Nights spent trying to sleep while lying shoulder-to-shoulder on thin pads spread atop a cold floor will soon be over for the several hundred homeless people sheltered at the Dorothy Day Center in downtown St. Paul. On Dec. 21 — thanks to both private charity and government support — Higher Ground St. Paul, a $40 million emergency shelter and residence, will open adjacent to the outmoded existing facility.

By then, too — if the Legislature and Gov. Mark Dayton agree next week to a special session — the state funding that's essential to the second phase of Dorothy Day's modernization will be committed. The $60 million Opportunity Center and Dorothy Day Residence would stay on budget and on track for its scheduled completion in December 2018.

With it, Minnesota would have made a giant stride toward ending prolonged homelessness in this region. (Last year, Dorothy Day provided shelter for people from 56 of the state's 87 counties.) The Opportunity Center would provide the counseling, job training and other services that can rebuild broken lives.

That's one of many good reasons for legislators and the DFL governor to finally complete their 2016 work in a special session this month. The bonding bill that belongs on a special session agenda includes a $12 million contribution to Dorothy Day plus an opportunity for its parent organization, Catholic Charities of St. Paul and Minneapolis, to apply for a $15 million share of new housing finance bonds.

Much more is on the line. The most urgent reason for legislative action is the skyrocketing cost of health insurance in the state's individual market. Shoppers who don't qualify for the federal tax credits available on the MNsure exchange are being hammered with premiums that are unaffordable for many. If lawmakers want to prevent a spike in the share of the state's population that is uninsured, they need to act this month. Insurance premium bills are arriving now for 2017 coverage.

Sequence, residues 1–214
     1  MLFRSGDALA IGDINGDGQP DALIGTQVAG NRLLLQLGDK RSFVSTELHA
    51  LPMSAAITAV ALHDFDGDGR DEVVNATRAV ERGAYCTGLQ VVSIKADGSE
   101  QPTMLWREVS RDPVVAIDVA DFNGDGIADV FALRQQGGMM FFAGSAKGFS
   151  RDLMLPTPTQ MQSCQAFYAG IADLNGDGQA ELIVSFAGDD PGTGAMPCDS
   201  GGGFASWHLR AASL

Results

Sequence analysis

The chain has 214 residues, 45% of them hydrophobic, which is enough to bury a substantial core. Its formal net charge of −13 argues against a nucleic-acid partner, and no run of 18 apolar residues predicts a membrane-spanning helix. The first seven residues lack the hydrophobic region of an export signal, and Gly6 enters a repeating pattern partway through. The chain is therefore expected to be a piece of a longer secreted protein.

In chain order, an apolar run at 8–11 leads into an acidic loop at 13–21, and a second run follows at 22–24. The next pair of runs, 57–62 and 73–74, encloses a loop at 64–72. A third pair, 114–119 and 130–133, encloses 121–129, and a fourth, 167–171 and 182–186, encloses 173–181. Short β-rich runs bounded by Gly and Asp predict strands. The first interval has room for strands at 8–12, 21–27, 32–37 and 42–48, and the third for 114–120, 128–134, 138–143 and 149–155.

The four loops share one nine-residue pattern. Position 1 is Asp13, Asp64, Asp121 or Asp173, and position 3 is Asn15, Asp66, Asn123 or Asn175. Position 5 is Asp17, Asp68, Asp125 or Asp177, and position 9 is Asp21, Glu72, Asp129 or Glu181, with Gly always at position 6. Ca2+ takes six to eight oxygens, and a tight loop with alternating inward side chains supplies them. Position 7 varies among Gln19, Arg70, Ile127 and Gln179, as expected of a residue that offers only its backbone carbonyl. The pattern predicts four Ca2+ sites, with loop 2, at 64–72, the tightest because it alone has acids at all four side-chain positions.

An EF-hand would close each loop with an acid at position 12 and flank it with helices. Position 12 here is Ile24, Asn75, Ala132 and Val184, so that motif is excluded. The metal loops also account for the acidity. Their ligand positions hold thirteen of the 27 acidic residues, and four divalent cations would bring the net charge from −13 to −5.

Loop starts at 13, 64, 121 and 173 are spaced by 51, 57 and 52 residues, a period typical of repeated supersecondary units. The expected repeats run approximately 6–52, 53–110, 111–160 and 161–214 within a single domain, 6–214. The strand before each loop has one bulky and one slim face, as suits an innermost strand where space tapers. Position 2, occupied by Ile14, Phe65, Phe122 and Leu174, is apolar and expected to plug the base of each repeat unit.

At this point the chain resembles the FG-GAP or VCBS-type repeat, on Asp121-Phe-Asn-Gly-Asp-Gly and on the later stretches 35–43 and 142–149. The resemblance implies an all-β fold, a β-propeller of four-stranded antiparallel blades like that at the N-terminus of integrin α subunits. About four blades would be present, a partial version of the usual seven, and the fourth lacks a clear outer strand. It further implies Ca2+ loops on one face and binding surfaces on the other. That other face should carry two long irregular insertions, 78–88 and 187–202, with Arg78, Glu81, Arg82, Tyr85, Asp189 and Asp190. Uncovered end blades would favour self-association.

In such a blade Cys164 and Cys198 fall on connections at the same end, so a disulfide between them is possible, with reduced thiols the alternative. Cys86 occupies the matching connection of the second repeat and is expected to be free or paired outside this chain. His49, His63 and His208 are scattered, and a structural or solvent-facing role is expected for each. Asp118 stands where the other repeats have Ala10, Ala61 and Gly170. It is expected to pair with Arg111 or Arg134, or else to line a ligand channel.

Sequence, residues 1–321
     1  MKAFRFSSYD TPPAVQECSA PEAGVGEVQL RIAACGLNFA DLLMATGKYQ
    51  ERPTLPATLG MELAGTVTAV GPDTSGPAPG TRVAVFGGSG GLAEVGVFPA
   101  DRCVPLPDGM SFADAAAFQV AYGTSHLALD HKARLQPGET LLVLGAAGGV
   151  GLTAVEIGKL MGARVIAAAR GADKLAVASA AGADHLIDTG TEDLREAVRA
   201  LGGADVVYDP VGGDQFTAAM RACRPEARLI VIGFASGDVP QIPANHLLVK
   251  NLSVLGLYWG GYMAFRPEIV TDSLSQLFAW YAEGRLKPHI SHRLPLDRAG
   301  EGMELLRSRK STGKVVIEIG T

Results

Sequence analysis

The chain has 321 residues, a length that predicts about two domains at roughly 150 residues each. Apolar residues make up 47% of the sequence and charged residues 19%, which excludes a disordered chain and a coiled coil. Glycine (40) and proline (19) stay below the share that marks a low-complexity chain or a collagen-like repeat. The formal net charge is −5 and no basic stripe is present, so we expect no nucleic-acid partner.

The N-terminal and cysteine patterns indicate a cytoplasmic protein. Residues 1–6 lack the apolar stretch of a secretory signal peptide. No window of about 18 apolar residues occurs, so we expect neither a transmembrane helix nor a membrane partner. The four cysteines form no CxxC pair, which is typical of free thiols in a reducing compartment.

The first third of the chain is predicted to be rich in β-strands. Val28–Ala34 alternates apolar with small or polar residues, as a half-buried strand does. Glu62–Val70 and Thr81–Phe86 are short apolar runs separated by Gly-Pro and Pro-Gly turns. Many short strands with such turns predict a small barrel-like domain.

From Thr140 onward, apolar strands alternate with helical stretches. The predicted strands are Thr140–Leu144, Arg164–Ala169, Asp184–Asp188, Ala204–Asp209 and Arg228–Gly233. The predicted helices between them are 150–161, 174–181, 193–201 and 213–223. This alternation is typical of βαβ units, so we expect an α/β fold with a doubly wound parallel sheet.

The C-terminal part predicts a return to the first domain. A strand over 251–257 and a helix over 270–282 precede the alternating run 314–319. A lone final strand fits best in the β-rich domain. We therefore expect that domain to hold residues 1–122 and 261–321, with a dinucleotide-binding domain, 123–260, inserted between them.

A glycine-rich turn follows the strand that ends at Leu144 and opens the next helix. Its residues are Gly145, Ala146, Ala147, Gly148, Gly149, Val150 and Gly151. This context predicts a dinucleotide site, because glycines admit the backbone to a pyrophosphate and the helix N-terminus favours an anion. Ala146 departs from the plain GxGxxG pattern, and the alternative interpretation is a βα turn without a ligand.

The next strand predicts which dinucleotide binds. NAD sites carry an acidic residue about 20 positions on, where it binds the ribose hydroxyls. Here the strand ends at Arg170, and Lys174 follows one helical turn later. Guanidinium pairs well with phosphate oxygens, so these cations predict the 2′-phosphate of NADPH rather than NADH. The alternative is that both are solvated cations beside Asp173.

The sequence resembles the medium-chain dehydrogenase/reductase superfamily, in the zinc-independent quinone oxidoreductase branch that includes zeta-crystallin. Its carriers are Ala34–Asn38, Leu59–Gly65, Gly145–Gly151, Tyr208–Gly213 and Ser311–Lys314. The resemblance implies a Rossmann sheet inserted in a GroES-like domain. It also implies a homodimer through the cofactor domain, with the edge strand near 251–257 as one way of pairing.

Considerable urgency can also be found in the bonding and tax bills left undone last spring. The impediments that kept them from crossing the finish line in May have now largely been removed.

The tax bill, offering what would have been $800 million in tax cuts through mid-2019 had it passed in May, won strong bipartisan support. But Dayton vetoed it because it contained a potentially costly drafting error. That mistake is easy to correct. And the case for providing the help that bill contains for farmers, small businesses, college loan debtors and low-income families is as strong or stronger today than it was seven months ago.

The bonding bill was stalled by a dispute over funding for Southwest Light Rail transit. That question has since been resolved — albeit in an undesirable way — by the Met Council and the Counties Transit Improvement Board. Another sore subject, the bonding bill's inclusion of $300 million in cash for earmarked highway projects, appears to have given way to a plan to use trunk highway bonds for those projects instead.

What's left is a highly desirable $1 billion bonding bill, ripe for enactment. That's a prize too valuable to pass up. The 60 percent supermajority that bonding bills require is difficult to obtain — so much so that in three of the last dozen years, the Legislature failed to enact one. Skip a year, and the backlog of needed infrastructure upgrades will grow. The projects will become more costly. An opportunity for bipartisan cooperation will be lost.

And many projects shouldn't wait. Many towns desperately need the new water treatment plants the bill would fund. Fort Snelling's new visitor center should be ready for the old fort's 2020 bicentennial. The Science Museum needs help correcting chronic water seepage. And the people at Dorothy Day deserve the second chance its new facility can provide. We're rooting for a special session before Christmas.